This man has come in the name of the Lord and before you wonder how many buses he has prayed for, and how often they have made their journey safely, let me be clear that my rebellion is against him and everything he represents.
During his prayer of thanksgiving, I gave thanks for the okada man from earlier, you know, the one whose rent shall be miraculously settled? I prayed for friends that sent me money without questions, for the person who invented mobile banking and for the way that everything somehow worked together for my good this year. But I do not pray aloud like the rest of the passengers and I do not say amen to the prayers of this preacher who seems be exerting himself more than necessary, especially for a man of the cloth.
That was our first point of recall.
When he began his sermon, I did not listen. As a matter of personal conviction, I do not listen to preachers on the bus, and their screams about Armageddon and the risen Christ, while consciously spraying a little guilt and fear on everything they say. I do not indulge their prayers about bloodsucking demons on the highway and special safety pins for marking our bus against other buses. Looking at him now, I ask myself, if he gets word that his prayers failed a bus, that the devil prevailed and they had an accident because the buses that eventually do, were also prayed for, does he, like a doctor, mourn and question his God as the doctor questions science when he loses a patient, or does he remain absolute as he is now.
Somehow, a lot of Christians get a kick from knowing that disaster befalls other people, even people of a different congregation, but not them. They’re peachy keen on the fact that God delivers them but allows others to be condemned. It is why you hear testimonies like this-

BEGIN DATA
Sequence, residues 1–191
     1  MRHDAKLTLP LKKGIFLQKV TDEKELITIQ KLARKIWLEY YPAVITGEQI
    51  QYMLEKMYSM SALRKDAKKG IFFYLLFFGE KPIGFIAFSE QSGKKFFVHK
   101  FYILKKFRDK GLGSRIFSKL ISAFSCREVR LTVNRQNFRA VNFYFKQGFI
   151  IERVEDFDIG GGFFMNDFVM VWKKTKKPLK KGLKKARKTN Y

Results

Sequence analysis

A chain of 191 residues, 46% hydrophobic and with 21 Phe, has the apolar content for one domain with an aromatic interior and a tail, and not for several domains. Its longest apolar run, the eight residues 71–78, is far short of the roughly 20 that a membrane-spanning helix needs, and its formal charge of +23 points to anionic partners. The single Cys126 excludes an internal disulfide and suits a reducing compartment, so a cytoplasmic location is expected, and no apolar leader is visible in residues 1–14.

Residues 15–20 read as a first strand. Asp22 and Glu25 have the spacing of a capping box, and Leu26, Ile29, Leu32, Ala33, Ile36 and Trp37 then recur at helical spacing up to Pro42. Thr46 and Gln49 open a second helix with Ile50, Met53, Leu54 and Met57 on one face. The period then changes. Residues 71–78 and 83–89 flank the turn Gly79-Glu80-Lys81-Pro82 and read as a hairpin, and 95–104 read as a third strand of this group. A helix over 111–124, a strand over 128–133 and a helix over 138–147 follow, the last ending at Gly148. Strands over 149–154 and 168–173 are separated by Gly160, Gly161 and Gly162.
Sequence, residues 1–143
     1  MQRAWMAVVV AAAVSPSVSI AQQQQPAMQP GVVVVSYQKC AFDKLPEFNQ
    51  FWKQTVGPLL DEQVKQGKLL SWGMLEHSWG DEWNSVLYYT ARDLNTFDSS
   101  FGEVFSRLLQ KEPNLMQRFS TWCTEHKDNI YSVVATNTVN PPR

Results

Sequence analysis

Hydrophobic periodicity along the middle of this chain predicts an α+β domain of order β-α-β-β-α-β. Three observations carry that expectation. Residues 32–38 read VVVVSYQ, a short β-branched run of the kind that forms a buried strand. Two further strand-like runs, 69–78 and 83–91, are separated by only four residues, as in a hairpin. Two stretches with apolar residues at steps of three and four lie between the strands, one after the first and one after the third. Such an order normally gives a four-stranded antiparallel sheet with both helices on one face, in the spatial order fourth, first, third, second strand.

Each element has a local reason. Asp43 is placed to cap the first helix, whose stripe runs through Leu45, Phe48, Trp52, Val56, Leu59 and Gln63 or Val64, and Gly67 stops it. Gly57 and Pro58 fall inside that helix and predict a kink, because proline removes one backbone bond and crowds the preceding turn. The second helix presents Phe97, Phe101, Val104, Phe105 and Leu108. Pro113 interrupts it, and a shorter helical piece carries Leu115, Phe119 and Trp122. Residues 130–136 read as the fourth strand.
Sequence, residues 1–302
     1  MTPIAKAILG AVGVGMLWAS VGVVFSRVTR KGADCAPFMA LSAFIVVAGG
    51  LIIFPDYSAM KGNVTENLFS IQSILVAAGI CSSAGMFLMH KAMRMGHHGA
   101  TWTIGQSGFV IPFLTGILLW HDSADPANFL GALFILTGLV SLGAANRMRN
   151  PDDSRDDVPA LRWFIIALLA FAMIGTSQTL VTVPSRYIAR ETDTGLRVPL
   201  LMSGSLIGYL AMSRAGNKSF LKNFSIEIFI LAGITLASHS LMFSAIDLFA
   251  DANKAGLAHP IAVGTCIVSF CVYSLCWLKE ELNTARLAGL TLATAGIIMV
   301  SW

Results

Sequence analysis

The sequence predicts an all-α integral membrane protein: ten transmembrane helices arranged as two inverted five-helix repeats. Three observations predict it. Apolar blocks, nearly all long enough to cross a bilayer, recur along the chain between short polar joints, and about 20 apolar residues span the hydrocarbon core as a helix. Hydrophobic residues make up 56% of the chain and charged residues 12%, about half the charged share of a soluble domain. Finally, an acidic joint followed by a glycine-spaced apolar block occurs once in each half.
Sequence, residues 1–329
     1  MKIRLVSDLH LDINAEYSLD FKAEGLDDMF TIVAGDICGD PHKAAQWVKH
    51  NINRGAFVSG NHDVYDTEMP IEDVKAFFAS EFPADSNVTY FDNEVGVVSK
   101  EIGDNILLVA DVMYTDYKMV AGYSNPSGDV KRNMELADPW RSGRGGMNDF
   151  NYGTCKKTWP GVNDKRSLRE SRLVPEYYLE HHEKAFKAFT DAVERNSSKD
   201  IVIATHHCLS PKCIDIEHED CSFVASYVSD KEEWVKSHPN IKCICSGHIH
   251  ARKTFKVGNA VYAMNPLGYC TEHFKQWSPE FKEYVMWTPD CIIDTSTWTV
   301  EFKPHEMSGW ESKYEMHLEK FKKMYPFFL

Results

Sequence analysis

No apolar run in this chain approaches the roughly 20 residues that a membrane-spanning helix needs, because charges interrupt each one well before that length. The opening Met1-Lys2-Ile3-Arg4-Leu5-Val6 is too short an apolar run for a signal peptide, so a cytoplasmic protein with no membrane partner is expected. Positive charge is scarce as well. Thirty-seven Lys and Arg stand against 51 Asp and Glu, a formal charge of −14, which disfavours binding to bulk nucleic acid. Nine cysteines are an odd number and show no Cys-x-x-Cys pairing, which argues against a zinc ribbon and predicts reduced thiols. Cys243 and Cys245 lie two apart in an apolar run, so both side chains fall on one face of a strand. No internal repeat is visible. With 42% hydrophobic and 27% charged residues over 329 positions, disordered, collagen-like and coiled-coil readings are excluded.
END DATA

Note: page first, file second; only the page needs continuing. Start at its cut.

“Praaaaaaaaaaaaaise Master Jesus! Just the other day, our building collapsed in Port Harcourt main town. Everyone else has been trapped down there for the past three weeks. The government has done little to salvage the situation. It is a pity that in this age and time, our society is ill-equipped to handle such crisis. This is Nigeria!”
At this point, the presiding officer nudges her to get to the point. Because gone are the days when people illustrated, demonstrated and exaggerated their testimonies.
“Praise the Lord. Praise the Lord. Please tell us what God has done for you. Go straight to the point.”
“I am here to thank God,” she continues, “because my pregnant neighbor and our family friends were all in that building, but I left just before it collapsed. Just before the thing happened, I left that place and out of all of us who stay at Agip estate, I am the only one whom God spared. It is not because I’m better than the people currently fighting for their lives and going through such unimaginable pain, it is not because I am righteous. It is by God’s grace that I am saved.”
I wonder, again, if it’s not possible for him to simply ask for money, like the women from Motherless Babies Home, and the blind beggar escorted by his young son, or simply trade some ridiculous all-healing items like the gentleman before him, because if you really thought about it, they’re all of the God kind and they all need something from the passengers on the bus. But no. The preacher man offers something he believes is commensurate for the help that we render to him.
Just before he makes the concluding prayers, he says to everyone- “if you’re a woman, cover your head let us pray.” He says it twice, all the while looking directly at me and my earphones. He talks about obedience to Christ and submissiveness, something about the way he says it, and the look on face instantly irks me. I’ve never fancied bus preachers, but never has there been any confrontation between us. Normally, they go about their business and I listen to my music. They understand that religion is not by force and everyone is happy. But this man, who talks about obedience to Christ and submissiveness as if he’s just returned from a board meeting in Heaven. This man is spectacular!
In the moment that Timaya sings- so I say, nobody can take my joy away, I hold his gaze and reinforce the fact that my head will remain uncovered. Because God accepts me, as I am, without one plea. When he says “in Jesus name!” I increase the volume on Timaya’s voice, fall back on the seat, close my eyes and thank the Lord one more time for that Okada man.